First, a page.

Article Text

Download PDFPDF

To TOE or not to TOE? That is the question in patients with portal hypertension and varices
  1. Christopher Leung1,
  2. Sern Wei Yeoh2,
  3. Lucy Y Lim2,
  4. Ray Boyapati2,
  5. Adam G Testro2,
  6. Rhys Vaughan2,
  7. Kaye Marion3,
  8. Louise M Burrell1,
  9. Peter W Angus2
  1. 1Department of Medicine, University of Melbourne and Liver Transplant Unit, Austin Hospital, Melbourne, Victoria, Australia
  2. 2 Liver Transplant Unit, Austin Hospital, Melbourne, Victoria, Australia
  3. 3Statistics and Operations Research Group, School of Mathematical and Geospatial Sciences, RMIT University, Melbourne, Victoria, Australia
  1. Correspondence to Dr Christopher Leung, Liver Transplant Unit, Level 8, Harold Stokes Building, 145 Studley Road, Heidelberg, VIC, 3084, Australia; chris.leung{at}

Statistics from

Request Permissions

If you wish to reuse any or all of this article please use the link below which will take you to the Copyright Clearance Center’s RightsLink service. You will be able to get a quick price and instant permission to reuse the content in many different ways.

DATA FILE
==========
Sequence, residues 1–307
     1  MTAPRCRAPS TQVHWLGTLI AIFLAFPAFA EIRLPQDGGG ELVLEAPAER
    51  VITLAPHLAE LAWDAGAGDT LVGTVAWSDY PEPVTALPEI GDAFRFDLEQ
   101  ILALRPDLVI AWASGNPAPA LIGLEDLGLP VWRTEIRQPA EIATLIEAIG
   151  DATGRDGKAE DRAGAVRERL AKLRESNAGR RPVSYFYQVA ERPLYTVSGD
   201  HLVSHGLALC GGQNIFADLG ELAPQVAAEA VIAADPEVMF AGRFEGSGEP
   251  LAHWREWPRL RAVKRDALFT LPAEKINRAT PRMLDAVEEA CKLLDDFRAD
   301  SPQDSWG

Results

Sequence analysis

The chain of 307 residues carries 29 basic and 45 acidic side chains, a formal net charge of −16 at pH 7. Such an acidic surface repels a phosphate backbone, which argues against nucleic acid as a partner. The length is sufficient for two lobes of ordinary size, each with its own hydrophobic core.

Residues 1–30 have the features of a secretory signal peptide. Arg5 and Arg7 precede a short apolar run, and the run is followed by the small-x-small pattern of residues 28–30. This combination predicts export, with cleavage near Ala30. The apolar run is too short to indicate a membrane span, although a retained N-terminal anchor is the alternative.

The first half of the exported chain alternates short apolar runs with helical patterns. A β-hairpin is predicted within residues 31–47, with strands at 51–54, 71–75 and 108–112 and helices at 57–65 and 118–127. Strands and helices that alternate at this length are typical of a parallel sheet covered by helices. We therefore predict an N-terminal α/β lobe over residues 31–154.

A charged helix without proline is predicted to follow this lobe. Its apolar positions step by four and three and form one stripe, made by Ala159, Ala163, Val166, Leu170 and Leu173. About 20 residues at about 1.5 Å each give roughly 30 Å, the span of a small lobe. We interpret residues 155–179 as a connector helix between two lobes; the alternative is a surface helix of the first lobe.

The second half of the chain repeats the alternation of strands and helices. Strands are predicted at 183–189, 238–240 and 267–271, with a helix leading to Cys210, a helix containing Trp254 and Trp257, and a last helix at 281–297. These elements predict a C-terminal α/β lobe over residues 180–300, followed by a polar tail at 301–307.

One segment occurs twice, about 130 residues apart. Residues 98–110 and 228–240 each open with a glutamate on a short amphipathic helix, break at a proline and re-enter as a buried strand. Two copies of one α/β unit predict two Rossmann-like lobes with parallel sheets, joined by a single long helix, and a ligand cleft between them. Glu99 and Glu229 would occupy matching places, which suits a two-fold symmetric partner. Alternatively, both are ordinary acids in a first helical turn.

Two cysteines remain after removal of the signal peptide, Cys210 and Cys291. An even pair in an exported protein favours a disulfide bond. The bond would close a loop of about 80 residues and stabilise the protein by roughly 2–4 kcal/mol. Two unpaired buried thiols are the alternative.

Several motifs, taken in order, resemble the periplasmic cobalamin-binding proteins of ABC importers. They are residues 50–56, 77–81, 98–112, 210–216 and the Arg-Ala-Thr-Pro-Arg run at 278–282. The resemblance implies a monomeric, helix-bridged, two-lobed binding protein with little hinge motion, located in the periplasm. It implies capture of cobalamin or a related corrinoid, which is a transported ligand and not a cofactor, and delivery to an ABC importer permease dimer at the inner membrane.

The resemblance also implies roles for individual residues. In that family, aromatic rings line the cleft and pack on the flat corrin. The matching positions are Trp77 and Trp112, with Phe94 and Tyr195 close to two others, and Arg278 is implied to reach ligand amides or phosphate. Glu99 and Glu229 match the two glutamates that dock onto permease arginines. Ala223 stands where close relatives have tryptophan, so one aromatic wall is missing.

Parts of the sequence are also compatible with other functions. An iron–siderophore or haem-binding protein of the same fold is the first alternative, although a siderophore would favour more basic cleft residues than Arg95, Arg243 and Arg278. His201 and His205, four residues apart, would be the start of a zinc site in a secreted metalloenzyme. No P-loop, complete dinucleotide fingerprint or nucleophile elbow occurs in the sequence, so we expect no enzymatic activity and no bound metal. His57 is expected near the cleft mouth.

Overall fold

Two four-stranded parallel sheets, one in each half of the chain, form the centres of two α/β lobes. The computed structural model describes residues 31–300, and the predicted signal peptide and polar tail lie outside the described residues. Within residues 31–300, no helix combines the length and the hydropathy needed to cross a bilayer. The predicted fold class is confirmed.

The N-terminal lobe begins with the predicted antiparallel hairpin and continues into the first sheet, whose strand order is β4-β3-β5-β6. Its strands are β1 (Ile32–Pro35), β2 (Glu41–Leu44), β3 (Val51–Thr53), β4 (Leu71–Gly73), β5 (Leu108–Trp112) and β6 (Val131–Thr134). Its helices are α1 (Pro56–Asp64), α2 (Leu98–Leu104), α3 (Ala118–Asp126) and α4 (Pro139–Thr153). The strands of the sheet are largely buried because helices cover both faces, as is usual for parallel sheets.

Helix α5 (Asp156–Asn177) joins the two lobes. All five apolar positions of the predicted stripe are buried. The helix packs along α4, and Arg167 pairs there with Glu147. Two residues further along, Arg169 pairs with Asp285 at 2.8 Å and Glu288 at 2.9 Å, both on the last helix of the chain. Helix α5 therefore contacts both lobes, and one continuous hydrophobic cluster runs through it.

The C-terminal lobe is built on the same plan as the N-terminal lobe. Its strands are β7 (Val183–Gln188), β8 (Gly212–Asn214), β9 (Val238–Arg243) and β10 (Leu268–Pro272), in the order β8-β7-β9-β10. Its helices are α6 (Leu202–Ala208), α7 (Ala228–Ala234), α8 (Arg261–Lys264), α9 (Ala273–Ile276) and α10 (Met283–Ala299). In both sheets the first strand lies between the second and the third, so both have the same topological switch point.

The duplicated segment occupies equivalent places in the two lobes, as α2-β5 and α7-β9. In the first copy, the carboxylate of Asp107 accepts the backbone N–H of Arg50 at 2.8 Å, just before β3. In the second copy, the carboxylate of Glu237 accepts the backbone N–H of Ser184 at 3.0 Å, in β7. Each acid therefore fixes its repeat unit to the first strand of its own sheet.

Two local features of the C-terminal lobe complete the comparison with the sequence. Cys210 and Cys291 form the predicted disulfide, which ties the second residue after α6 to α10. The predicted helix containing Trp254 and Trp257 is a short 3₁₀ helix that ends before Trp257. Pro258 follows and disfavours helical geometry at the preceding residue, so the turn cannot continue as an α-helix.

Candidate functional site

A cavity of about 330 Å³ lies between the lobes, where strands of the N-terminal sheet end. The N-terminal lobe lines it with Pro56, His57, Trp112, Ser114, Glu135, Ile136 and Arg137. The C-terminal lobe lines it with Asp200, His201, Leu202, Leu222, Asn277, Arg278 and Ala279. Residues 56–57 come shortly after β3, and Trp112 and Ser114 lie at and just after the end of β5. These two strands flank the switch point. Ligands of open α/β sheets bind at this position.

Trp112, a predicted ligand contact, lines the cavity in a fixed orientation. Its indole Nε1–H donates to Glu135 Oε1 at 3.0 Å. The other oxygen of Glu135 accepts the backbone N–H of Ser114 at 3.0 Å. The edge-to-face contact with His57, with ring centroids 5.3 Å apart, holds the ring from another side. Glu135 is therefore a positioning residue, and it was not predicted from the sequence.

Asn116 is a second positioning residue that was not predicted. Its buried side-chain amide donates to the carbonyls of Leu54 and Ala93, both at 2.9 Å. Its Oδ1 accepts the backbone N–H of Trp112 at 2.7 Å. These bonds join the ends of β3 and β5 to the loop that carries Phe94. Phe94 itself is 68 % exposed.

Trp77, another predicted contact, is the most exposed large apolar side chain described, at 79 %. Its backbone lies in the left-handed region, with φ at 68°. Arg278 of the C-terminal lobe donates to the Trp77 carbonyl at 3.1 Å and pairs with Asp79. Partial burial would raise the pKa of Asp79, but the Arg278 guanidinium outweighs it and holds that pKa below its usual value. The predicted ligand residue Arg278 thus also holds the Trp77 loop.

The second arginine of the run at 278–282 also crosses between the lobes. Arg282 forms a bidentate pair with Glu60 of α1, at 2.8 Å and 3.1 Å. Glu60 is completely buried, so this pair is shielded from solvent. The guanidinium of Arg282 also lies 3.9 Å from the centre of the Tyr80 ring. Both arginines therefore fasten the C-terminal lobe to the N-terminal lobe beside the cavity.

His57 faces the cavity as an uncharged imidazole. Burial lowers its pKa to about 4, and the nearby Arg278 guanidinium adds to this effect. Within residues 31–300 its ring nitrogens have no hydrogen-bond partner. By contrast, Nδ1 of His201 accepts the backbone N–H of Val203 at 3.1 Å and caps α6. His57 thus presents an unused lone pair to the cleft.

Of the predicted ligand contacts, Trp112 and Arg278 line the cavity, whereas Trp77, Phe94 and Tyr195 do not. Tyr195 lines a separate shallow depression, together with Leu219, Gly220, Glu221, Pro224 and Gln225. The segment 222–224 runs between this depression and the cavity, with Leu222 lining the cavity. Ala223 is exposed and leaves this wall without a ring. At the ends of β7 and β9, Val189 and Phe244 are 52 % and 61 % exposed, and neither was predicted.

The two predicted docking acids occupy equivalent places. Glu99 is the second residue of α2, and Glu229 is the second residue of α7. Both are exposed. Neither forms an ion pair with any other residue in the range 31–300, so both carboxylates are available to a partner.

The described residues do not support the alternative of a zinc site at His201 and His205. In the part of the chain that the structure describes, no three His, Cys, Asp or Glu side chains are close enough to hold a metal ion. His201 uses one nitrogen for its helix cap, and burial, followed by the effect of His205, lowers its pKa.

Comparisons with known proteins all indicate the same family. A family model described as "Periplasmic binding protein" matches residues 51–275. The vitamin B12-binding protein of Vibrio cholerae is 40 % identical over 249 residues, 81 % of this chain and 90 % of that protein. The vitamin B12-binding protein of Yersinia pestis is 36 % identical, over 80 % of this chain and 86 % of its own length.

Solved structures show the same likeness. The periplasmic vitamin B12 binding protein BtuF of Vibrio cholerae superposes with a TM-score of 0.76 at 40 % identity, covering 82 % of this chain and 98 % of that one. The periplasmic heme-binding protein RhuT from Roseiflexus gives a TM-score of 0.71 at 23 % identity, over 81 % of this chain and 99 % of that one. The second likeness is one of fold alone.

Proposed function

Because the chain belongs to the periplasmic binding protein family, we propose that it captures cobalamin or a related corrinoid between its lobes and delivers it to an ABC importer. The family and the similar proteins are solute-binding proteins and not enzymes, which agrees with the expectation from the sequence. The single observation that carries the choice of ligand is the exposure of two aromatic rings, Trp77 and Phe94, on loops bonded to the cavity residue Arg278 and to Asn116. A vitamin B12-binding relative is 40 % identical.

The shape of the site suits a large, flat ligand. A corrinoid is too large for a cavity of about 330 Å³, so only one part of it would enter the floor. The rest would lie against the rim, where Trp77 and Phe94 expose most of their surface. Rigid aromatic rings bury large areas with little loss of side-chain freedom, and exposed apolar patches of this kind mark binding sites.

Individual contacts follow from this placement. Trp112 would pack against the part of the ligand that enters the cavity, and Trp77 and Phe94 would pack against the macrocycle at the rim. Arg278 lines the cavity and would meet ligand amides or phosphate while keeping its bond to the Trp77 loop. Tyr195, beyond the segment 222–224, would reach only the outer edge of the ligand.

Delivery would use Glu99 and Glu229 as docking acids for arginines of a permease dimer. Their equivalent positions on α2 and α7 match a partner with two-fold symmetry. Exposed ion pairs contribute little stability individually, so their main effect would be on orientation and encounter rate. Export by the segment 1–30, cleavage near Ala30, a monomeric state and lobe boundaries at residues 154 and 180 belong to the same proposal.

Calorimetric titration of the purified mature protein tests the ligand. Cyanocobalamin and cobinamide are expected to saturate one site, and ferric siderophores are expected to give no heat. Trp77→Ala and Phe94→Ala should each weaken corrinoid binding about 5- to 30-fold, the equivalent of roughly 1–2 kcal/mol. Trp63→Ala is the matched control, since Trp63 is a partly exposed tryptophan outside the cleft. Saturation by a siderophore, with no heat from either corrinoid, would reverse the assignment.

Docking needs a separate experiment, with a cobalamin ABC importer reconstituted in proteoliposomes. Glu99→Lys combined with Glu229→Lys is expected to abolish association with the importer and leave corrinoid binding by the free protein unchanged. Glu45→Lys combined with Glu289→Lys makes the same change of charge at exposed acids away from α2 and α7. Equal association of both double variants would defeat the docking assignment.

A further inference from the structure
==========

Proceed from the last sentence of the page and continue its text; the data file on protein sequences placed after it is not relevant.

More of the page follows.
We read with interest your recently published review by Cardénas and Ginès on patients with cirrhosis, awaiting liver transplantation,1 with an emphasis on the high morbidity and mortality with variceal bleeding. Such patients may require a transoesophageal echocardiogram (TOE) to assess cardiorespiratory abnormalities potentially precluding a transplant, as well as for intraoperative haemodynamic monitoring and for investigation for endocarditis. However, the safety of performing a TOE in such patients is debated by clinicians due to the perceived risk of postprocedural bleeding.2 Three small studies have analysed post-TOE bleeding complications in patients with varices, having reported no bleeding in 26, 14 and 23 patients.3–5 We hypothesised that direct external trauma by the echocardiographic probe is unlikely to cause significant bleeding, as variceal bleeding is primarily caused by wall tension, a function of increasing variceal diameter and internal pressure.6 We therefore audited post-TOE bleeding rates at an Australian liver transplant referral centre in patients who had both varices or portal hypertension and a TOE based on International Classification of Diseases 10 coding from 1995 …

View Full Text